This week's double parsha, B'char-Bechukotai, outlines the laws of the Sabbatical and Jubilee years: every seven years, the land is not worked in order to give it time to rest, and every 49 years (seven sevens), the land is given time to rest and slaves are set free and lands are returned to their original owners. These agrarian laws remind me of my favorite agrarian law, found in an earlier section of Torah, often referred to as the "corners of our fields."
When harvesting grains or gathering fruits, the ancient Israelites were instructed to leave the corners of their fields untouched and to leave fallen fruit on the ground. In this way, the poor could come and glean for themselves without shame, knowing that the food was intended for them.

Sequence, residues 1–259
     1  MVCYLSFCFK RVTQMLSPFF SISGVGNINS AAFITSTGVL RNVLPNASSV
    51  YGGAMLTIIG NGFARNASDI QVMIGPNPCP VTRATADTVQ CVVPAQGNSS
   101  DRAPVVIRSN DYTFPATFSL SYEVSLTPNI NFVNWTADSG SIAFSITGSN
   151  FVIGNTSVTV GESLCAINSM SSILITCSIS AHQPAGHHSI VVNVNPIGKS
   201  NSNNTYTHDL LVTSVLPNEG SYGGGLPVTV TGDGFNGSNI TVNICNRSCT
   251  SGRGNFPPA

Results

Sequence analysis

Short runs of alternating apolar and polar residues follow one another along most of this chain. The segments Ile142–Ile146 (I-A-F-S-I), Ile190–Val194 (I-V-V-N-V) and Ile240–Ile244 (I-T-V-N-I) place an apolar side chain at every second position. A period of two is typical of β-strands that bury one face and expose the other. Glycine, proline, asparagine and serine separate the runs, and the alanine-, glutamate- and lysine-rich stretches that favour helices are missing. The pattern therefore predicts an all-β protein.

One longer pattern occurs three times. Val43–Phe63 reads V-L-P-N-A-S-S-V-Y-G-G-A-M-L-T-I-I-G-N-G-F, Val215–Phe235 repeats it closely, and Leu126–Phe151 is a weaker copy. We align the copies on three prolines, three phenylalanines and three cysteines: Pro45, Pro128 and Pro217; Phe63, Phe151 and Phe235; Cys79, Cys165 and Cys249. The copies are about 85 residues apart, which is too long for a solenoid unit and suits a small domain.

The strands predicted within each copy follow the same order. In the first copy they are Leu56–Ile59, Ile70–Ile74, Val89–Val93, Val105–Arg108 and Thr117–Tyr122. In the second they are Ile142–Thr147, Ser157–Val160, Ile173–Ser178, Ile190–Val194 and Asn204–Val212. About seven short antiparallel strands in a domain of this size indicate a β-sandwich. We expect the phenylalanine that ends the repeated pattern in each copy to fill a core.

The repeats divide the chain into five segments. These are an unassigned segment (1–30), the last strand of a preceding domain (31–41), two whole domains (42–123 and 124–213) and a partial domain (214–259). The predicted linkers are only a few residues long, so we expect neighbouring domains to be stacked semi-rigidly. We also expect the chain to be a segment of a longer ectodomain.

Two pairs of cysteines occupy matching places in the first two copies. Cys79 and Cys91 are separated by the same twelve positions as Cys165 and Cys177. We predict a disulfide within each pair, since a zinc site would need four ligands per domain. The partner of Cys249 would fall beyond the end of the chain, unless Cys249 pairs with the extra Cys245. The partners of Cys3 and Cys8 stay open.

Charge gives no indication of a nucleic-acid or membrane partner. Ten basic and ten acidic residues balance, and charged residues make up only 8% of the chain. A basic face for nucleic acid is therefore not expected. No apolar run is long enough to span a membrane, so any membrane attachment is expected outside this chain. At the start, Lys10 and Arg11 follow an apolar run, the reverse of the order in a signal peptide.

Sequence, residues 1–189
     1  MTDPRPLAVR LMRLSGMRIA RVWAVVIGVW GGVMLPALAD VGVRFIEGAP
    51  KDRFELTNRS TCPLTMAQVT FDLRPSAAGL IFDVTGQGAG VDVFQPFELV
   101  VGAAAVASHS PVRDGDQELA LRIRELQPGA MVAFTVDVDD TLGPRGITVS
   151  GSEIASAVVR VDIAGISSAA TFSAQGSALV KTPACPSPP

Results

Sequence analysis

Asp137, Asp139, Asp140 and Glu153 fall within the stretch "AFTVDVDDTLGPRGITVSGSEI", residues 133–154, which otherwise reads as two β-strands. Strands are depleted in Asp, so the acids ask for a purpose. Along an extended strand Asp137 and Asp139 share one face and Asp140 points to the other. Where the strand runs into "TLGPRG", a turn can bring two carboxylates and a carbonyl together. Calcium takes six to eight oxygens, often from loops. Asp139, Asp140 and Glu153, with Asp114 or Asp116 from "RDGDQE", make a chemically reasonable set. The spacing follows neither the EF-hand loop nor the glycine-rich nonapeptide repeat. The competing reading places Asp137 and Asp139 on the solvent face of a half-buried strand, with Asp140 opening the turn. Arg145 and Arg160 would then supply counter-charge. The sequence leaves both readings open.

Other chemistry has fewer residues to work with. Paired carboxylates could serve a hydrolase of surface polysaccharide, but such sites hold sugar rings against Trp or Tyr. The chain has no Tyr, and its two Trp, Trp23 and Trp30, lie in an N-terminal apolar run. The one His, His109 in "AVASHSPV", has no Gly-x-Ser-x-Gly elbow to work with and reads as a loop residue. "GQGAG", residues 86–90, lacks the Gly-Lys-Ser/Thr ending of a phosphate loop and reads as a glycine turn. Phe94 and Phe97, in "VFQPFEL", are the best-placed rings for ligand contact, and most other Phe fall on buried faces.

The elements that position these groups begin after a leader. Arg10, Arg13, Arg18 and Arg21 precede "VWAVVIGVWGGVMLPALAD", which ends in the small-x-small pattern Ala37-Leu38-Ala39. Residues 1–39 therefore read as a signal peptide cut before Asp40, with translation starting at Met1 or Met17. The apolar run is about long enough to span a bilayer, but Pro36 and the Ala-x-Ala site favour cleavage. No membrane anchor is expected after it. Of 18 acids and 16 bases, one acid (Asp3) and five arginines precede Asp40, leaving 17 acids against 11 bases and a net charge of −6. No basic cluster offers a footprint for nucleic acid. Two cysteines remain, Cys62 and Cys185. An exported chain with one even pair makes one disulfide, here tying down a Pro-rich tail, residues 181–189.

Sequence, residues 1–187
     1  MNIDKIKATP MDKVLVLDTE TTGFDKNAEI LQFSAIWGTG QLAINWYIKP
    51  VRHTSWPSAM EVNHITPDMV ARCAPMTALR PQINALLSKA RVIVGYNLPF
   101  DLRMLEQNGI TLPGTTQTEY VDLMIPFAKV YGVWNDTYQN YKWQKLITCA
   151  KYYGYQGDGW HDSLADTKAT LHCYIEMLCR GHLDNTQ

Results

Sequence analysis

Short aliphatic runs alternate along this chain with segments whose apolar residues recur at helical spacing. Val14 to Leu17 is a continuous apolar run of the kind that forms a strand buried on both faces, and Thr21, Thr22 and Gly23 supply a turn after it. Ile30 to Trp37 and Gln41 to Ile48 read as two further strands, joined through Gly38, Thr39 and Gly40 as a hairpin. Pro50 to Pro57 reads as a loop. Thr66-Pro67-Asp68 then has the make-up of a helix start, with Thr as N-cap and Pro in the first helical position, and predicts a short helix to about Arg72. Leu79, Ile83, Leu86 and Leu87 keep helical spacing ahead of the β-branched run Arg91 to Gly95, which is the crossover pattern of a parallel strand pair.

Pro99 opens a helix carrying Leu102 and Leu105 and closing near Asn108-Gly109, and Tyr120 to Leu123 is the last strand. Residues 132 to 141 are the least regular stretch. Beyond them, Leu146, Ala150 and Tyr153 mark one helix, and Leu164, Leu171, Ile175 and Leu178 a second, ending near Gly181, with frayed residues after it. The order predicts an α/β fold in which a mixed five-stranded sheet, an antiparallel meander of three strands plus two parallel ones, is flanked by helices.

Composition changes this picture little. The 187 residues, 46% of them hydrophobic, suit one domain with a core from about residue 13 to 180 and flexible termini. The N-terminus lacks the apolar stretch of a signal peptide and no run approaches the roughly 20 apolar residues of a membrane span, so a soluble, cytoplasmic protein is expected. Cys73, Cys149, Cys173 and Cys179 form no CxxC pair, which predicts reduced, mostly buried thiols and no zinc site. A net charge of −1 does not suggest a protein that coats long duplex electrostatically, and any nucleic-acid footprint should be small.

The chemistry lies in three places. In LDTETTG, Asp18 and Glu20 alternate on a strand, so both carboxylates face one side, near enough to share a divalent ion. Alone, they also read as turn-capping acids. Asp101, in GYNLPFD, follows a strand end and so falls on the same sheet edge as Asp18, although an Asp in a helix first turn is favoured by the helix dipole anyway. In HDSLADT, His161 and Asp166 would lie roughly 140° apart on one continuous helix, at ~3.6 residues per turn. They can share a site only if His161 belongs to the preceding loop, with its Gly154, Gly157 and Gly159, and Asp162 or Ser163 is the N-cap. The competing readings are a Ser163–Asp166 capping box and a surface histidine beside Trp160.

This always seemed to me to be another one of those beautiful thousand year old traditions that was impossible to replicate in the modern world. But then I started thinking about my almost daily trips to the grocery store. How easy to simply pick up an extra box of pasta or some canned veggies and drop them in a food collection bin. It's also the perfect job for a young child. Give them the responsibility of selecting a few items of food for someone who is hungry, and teach them that giving to others in need is simply what we do, just like buying food for ourselves. When thinking of ourselves, we're obligated to think of others as well.
Friday, May 11, 2018
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